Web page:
The keeping quality and pungency of onions is closely associated with the sulphur. Sufficient sulphur is usually supplied through the use of a compound fertilizer or a single superphosphate, and extra sulphur is not normally required.
Boron is not readily moved from one part of the plant to another so symptoms of boron deficiency usually occur first in the younger roots and leaf tissues. Characteristics of boron deficiency include a stunted, distorted, corrugated appearance in the leaves which become stiff and brittle and tend to crack, leaf colour varying from dark grey‐green to deep blue‐green with yellow mottlings and shrunken areas on younger leaves, followed by ladde rlike transverse cracks on the upper side of the basal leaves. Fertilizer borate should be applied before planting at the rate of 10 kg/ha, or 5 kg/ha solubor.
Deficiency is indicated by distorted, spirally‐curled leaves with alternate yellow and green stripes running along the length. It often occurs in soils with high pH. 14 ‐ 20 Kg/ha zinc sulphate or 3.5 ‐ 7 kg/ha zinc oxide should be applied. Alternatively, 270 kg/ha superphosphate containing 1% zinc.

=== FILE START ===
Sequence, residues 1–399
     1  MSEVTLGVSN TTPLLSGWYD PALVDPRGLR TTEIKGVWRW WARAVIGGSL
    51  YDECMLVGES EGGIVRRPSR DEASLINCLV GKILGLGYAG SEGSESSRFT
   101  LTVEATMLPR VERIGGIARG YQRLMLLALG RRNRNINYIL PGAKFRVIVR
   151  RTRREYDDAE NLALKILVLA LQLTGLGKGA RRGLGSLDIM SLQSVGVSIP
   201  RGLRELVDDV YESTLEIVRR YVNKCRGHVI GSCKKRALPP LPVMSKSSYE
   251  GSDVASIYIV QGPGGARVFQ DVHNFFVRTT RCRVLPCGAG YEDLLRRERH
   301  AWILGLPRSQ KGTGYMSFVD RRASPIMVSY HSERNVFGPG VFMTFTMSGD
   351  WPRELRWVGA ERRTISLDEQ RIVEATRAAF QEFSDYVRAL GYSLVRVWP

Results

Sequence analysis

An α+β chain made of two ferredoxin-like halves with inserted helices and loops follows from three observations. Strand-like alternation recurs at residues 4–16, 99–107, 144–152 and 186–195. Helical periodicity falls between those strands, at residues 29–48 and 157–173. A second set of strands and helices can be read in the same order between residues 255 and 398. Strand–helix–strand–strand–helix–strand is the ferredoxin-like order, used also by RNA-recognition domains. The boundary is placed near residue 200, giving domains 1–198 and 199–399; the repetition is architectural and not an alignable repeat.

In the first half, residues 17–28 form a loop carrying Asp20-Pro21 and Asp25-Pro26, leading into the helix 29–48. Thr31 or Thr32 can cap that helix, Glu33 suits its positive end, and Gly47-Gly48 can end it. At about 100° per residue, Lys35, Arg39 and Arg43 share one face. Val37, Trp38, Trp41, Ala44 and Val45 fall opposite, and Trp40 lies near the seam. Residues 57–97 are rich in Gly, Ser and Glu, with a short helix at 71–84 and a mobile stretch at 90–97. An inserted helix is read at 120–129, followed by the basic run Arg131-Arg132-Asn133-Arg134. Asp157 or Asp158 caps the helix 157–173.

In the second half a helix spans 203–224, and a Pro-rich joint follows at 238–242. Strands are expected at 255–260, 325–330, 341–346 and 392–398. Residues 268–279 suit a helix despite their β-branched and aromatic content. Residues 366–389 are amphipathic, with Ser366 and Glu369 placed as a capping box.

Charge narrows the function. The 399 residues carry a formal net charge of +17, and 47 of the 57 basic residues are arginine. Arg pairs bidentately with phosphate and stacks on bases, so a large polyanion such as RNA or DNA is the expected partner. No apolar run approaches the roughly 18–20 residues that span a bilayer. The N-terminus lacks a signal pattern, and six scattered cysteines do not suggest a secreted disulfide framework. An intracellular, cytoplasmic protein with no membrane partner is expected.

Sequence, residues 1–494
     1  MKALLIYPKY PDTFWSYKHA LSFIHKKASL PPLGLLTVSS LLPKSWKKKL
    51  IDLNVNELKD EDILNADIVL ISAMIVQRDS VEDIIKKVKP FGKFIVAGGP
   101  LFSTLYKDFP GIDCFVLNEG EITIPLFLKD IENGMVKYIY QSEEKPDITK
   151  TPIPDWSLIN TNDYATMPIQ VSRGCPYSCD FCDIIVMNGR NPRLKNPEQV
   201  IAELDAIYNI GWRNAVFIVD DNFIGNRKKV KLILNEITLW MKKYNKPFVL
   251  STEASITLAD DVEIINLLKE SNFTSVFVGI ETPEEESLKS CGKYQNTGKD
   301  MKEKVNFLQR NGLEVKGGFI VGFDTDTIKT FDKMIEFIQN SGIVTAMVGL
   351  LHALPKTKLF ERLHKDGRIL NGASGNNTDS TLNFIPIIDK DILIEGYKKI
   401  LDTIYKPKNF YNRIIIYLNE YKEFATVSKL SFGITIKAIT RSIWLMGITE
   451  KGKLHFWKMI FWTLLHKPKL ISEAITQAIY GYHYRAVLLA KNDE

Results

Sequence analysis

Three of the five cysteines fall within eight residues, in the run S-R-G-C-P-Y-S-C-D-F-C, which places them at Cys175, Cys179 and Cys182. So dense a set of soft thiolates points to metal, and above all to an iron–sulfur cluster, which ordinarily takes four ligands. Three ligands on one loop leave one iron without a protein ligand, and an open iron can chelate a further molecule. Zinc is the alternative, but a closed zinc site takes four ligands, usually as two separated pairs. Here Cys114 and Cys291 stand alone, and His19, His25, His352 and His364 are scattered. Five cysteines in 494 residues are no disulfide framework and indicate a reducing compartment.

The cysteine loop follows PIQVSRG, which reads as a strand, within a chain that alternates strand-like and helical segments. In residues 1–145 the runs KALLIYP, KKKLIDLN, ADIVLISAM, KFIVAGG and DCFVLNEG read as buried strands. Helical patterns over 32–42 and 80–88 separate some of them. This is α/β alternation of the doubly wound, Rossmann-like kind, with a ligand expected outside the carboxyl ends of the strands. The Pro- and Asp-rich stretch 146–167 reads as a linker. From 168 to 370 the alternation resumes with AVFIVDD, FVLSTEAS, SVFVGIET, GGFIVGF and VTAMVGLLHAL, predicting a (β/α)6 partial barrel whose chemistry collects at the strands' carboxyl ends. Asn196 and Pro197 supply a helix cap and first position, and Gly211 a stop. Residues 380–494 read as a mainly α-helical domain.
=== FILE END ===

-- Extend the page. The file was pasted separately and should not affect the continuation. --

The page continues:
Deficiency causes slow growth with thin chlorotic leaves. The outer scales of the bulbs are thin and light in colour. An application of 5 – 10 kg/ha copper sulphate or 2.5 – 5 kg/ha copper oxychloride should be used.
Deficiency causes stunting and leaf die‐back. The dead portion shows white in colour and the end of the green portion becomes soft and pulpy. More common in low pH soils sodium or ammonium molybdate should be added at a rate of 250 – 500 g/ha.
5. PESTS AND DISEASES
Thrips (Thrips tabaci)
Thrips feed on young leaves which subsequently develop a silvery, speckled appearance at maturity. Growth is retarded and yield reductions of 40% have been recorded in severe infestations. Thrips can be controlled with Malathion, Karate and Thiodan.
Root Knot Nematode
Characterised by knots on the rootlets and can be avoided by ensuring that onions are not rotated with other nematode‐susceptible crops. Fumigation should be considered in extreme cases.
Causes wilting of seedlings and is often found in manure. No insecticide is registered for its control.